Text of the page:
ZBA Board at wind farm hearings

Members of the Piatt County Zoning Board of Appeals listen to testimony during the 10th night of public hearings on the proposed Goose Creek Wind Farm project.

MONTICELLO – The building of a wind farm lowers property values in and around the footprint, said an expert testifying on behalf of objectors to a proposed Piatt County Wind Farm.

Kurt Kielisch, the president of Forensic Appraisal Group and a certified General Real Property Appraiser in Illinois, was the first witness to testify for those in opposition to the proposed Goose Creek Wind Farm in northern Piatt County.

He opened Wednesday, the 10th night of testimony in front of the Piatt County Zoning Board of Appeals, by telling the ZBA members that studies have proven that property values of neighboring properties can be affected before, during and after a wind farm is built.

Phil Luetkehans, the attorney representing several opponents of the proposed wind farm, asked Kielisch what his study of the proposed wind farm found.

“There is a definite and measurable loss of value to residential property value within proximity to a wind turbine and proximity can be defined as within a one mile footprint of the wind turbines,” he said.

Kielish said that property values within the footprint itself are likely to drop 35%, properties within one mile of the footprint would drop 22% and agricultural properties within the footprint would drop by 8.5%.

Kielish said that in determining if there is a rise or fall in property values due to a project such as a wind farm, he studies what potential buyers of property are looking at and considering before buying a property.

“We look at comments that are being made (in public forums) with the belief that perception equals value,” he said. “That perception can be altered by what we view, what we hear, and what we read ….. Overall perception of a wind turbine in proximity to a residence is not a positive and not an enhancement to value. It’s not neutral, very often it is negative in value.”

Kielish said that when someone sells a property, they often list the benefits of the property.

“I have yet to see a listing that includes ‘View of wind turbine,’” he added. “We already know that is not going to be a big selling point.”

Noise, flicker patterns, health issues and other factors reportedly caused by turbines also negatively impact property values, he said.

Earlier in the hearings, expert witnesses, such as Mike MaRous, the owner and president of MaRous and Company in Park Ridge, testified that the proposed project would not affect the property values of property located in the footprint of the project.

Crop duster issues

Ryan Bauer, an operations manager with RAS Aviation, a helicopter crop-dusting firm based in Mansfield, opened testimony on Thursday, the 11th night of hearings. Bauer said the company services a 50- to 60-mile radius around Mansfield, covering as many as 16 different counties.

“We have a fair amount of experience in working in and around different wind farms in Central Illinois,” he said. “We have concerns about property values like everybody else, but our main concern is safety. Our pilots have continuously stated their concerns.”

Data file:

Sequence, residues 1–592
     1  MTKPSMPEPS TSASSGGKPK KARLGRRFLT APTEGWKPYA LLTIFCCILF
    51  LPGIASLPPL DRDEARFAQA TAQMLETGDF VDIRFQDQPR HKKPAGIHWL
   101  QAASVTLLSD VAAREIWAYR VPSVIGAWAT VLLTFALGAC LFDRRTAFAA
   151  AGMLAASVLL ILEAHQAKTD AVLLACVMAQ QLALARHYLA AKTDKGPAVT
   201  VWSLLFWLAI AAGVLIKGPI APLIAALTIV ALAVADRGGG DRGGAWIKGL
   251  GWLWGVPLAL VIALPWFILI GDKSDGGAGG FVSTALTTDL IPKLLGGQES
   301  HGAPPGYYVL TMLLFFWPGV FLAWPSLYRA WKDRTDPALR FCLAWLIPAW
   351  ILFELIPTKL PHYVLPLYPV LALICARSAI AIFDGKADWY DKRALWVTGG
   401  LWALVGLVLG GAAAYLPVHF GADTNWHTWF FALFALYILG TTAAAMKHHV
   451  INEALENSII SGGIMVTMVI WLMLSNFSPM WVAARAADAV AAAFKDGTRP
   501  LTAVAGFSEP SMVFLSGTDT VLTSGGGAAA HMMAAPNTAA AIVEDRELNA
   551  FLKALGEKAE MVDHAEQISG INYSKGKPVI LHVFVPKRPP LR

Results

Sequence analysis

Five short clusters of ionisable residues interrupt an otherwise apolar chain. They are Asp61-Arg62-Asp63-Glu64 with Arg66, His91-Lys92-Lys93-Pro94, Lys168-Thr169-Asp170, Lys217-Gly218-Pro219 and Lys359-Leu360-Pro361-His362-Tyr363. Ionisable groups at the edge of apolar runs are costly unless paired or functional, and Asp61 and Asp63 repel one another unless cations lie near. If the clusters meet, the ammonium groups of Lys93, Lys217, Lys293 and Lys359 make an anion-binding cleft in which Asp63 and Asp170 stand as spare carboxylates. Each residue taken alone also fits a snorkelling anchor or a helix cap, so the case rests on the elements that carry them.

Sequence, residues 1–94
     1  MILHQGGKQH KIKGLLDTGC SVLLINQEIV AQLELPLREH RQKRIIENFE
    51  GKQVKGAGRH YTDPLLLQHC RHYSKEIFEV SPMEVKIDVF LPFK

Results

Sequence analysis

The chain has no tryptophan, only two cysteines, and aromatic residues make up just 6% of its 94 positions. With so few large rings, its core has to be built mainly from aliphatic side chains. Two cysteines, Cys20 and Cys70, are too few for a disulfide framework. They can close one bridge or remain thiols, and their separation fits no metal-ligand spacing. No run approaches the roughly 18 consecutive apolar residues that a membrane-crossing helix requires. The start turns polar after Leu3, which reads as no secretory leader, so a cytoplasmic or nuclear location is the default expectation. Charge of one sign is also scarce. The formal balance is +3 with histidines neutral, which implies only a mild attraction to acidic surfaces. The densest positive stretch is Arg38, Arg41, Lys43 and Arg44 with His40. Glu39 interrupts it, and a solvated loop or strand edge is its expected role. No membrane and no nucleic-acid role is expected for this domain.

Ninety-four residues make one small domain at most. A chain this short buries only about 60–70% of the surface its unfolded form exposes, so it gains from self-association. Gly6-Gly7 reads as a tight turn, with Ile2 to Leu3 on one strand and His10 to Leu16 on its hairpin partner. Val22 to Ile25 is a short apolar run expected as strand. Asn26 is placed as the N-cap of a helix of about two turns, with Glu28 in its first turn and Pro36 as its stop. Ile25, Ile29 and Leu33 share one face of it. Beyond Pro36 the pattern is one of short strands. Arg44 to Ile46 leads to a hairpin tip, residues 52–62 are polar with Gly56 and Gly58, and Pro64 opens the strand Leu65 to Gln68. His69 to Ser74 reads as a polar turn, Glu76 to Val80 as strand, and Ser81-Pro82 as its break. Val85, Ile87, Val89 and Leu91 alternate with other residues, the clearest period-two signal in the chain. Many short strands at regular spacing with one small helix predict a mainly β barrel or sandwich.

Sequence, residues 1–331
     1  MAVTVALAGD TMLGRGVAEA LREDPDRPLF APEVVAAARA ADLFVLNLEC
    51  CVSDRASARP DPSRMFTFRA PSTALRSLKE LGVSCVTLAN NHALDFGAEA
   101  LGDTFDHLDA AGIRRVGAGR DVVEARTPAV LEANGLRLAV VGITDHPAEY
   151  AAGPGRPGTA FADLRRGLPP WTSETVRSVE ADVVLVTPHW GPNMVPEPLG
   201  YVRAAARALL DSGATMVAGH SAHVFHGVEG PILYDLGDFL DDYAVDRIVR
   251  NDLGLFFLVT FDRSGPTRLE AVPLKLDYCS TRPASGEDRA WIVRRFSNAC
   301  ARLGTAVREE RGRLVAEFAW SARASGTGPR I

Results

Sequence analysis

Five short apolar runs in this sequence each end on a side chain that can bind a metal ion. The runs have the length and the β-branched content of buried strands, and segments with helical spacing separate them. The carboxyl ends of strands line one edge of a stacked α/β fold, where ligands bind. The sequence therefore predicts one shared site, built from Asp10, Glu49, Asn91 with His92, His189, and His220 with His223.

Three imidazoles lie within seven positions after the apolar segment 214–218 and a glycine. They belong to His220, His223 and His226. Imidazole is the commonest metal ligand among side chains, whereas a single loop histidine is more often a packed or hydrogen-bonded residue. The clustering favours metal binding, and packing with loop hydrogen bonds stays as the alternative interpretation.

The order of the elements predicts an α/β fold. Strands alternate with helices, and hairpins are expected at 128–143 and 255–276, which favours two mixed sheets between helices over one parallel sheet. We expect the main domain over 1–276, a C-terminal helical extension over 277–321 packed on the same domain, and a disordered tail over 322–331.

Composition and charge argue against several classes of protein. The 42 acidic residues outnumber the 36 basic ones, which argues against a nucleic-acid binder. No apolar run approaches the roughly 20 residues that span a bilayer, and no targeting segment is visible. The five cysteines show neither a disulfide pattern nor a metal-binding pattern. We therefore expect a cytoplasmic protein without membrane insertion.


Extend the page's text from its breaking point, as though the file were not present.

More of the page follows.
When approaching a field, officials at the company have to determine how to spray the field based on the geography of the land, the wind direction, telephone lines, tree lines and the wind turbines add another dimension of conditions that have to be factored in before spraying a field, he said. A sprayed field can add 10 to 15 bushels of corn per acre, he said.

When spraying a field with a wind turbine, pilots have to circle the tower and work out from it, similar to a corkscrew-type method.

“We are turning into the wind and out of the wind and it is not typically a normal maneuver that our pilots would normally make,” he said. “It increases the cost to the customer and we have to charge additional for each wind turbine in the field.”

Bauer said that Apex Senior Development Manager Alan Moore had spoken to him and offered assistance and would make concessions.

Noise issues

Dr. Jerry Punch also testified on behalf of the opponents of the project. Based near East Lansing, Michigan, Punch is an audiologist and said that wind turbines have a negative effect on human health, due to the noise.

“The things that make wind turbine noise unique are that you have to keep calculating because it doesn’t stay at the same level,” he said. “It’s impulsive, and up and down in intensity. You can’t control it and that makes it unpredictable.”

Punch said that even noise at low levels can have an impact on health for people.

“Sleep disturbance is the most reported symptom of wind turbines,” he said.

In summarizing his testimony, Punch pointed that models suggest that several non-participating properties may experience noise issues or “annoyance” when noise rises above a certain dBA (an expression of the loudness of sound as perceived by the human ear).

“Annoyance from turbine noise at 35 dBA corresponds to the annoyance reported for other common community-noise sources at 45 dBA. The World Health Organization (WHO) has concluded that observable effects of nighttime, outdoor noise levels of 40 dBA or higher will lead to diminished health. This also occurs when levels inside homes (especially bedrooms) rise above 30 dBA or contain non-steady and/or low-frequency noise,” he said.

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